Just Launched AO-91 Will be a Great Bird


AO-91 is an FM repeater [1] satellite with a strong 2 meter downlink (receivable with a rubber duck) and an incredibly sensitive receive system on the 70 cm uplink. There are reports of people getting into the bird using a handheld inside a house. That is incredible. If there are no issues, this will likely become another “Easy Sat” like AO-51 was. It’s currently being tested by AMSAT-NA but it will be open for general use very soon.

For years, the only FM bird was SO-50. It has a great receiver but the downlink is not strong (only 250 mW), so it isn’t easy for beginners to use. AO-85 is another FM satellite that was launched a couple years ago. It has a powerful transmitter, but due to an antenna system issue, it doesn’t receive well. Getting into it with a handheld at only 5 watts can be difficult for beginners and experienced ops alike. Many people use 50 watt mobile FM rigs to compensate for this issue. Its transmit audio can also be low and/or “muffled,” making it hard to complete contacts with some low audio portable stations (on sats it’s better to talk close to the microphone and loud than far away and low).

AO-91 is of the same design as AO-85 but the AMSAT engineers seem to have addressed the issues AO-85 had. It has a great receive system and great transmit audio. Compared to SO-50, the things that may be difficult for beginners to deal with are tuning the uplink to compensate for the doppler effect, and to a lesser degree, dealing with signal fades.

SO-50 is 2 meters up and 70 cms  down. The doppler effect is more pronounced the higher in frequency you go. On 2 meters with FM, you don’t need to compensate much, if at all. On SO-50 you never have to tune the 2 meter uplink. You do tune the downlink, which is easy to do because while other people are talking on it, you can hear when it’s off frequency, and can easily adjust until it’s right.

AO-91 is the opposite. It’s 70 cms up and 2 meters down. If you are off frequency on the uplink you may not be able to get in at all. If you don’t have full-duplex capability so you can hear the downlink while you transmit (highly recommended), you won’t be able to tell.  I believe they chose a 70 cm uplink instead of a 2 meter uplink because there is considerable unlicensed 2 meter usage in certain parts of the world that can interfere with the operation of satellites on that band. For example, I have heard reports of hearing cordless phones on sats like AO-51 while it was in range of  South America, and taxi cab drivers while it was in range of Mexico.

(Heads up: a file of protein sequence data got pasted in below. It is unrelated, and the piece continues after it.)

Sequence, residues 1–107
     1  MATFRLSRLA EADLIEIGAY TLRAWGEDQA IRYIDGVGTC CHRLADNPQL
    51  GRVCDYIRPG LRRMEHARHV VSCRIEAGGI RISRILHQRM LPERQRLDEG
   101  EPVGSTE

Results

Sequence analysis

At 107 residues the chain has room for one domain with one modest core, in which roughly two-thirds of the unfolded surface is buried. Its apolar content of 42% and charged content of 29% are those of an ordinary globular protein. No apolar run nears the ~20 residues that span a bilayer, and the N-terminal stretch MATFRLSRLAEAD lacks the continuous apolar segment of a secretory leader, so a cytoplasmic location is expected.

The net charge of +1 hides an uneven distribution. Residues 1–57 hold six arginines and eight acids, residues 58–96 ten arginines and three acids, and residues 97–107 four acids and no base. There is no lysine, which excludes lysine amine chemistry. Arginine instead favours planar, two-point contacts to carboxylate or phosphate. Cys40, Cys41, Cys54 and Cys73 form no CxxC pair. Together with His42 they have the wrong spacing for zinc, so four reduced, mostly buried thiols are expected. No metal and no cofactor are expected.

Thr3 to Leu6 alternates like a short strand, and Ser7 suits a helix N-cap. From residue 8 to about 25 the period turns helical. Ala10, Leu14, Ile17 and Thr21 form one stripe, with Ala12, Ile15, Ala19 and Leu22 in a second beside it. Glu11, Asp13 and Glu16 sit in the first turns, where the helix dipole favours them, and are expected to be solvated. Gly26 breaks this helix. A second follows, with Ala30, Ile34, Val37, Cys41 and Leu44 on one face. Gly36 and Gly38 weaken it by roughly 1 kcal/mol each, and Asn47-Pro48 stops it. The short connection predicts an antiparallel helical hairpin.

The other thing beginners may be affected by are signal fades. AO-85 and AO-91 both sometimes seem to have transmit signal fades as they tumble. It probably depends on where you are in relation to the satellite and its antennas, and how it’s tumbling, because at least with AO-85, it isn’t a persistent issue. But SO-50 doesn’t have strong fades at all in my experience.

I personally am very excited about how much excitement and how many new hams AO-91 could bring into the ham radio space communications community. During launch on Saturday the amsat.org website was hard to reach because there were so many people trying to load the liveblog about the launch. Here’s to AMSAT-NA for putting this bird up there and for its good life and long service to the community.

NOTE: Even though you can hear the downlink with a rubber duck and maybe even get into the bird with an HT inside a house, you should ideally use a directional antenna like the Arrow II or the WA5VJB cheap LEO yagi. Full duplex operation is also highly recommended.

NOTE: Do not try to use the repeater until AMSAT-NA has announced that it is open for general use to the public. Currently it is in beacon mode and occasionally they are turning on the repeater for use by designated AMSAT engineers and support. Check the News and Events section at the bottom of the AMSAT.org website for updates.

AO-91 frequencies:

Downlink: 145.960 MHz.

Uplink: 435.250 (67.0 Hz tone)

  1. Technically it’s a “transponder” not a repeater but to make it easy to understand you can think of it like a standard analog FM land based repeater, except it’s cross band.



11 thoughts on “Just Launched AO-91 Will be a Great Bird

  1. Awesome post John. I’m excited for this bird as well. It’s great to finally have a powerful satellite in the sky. I remember my early days of Satellite operation (I’m not terribly active these days) and operation AO-51 which was just loud as heck.

    If you’re interested I blogged about one of the boards inside AO-91 that I helped build. So far it appears to be working fine! It’s a neat story about how the Fox-1 Maximum Power Point Tracker came to be and is now on it’s first flight. Hopefully one of many reasons it’s a loud bird as we’re hoping to give it as much power as possible ;). Power budgets be less constrained.


    Liked by 1 person

    1. Right before it was packed up to launch one of the antennas on 1A broke. The regular guy who would fix it was unavailable in the time period allowed, so they used a conductive epoxy to re-attach it. This had the side effect that the bird is a little ( a lot) deaf. It also has some thermal issues. They took the lessons learned from 1A and fixed it with 1B.

      Liked by 1 person

  2. Excellent post.
    Caught a couple of passes yesterday afternoon (in New Zealand) with my 3 element yagi, newly constructed from old TV aerial bits. Strongest signals I’ve heard from a satellite with lots of traffic, mostly from Australia.

    Liked by 1 person

    1. Thanks Terry. It is indeed a strong signal. I’m not sure if AO-85 is stronger, but they are similar. The only ham sat signal stronger than either for sure is the ISS’s Kenwood TM-D710E in the Russian Service module used for SSTV and some school contacts, at 50 watts.


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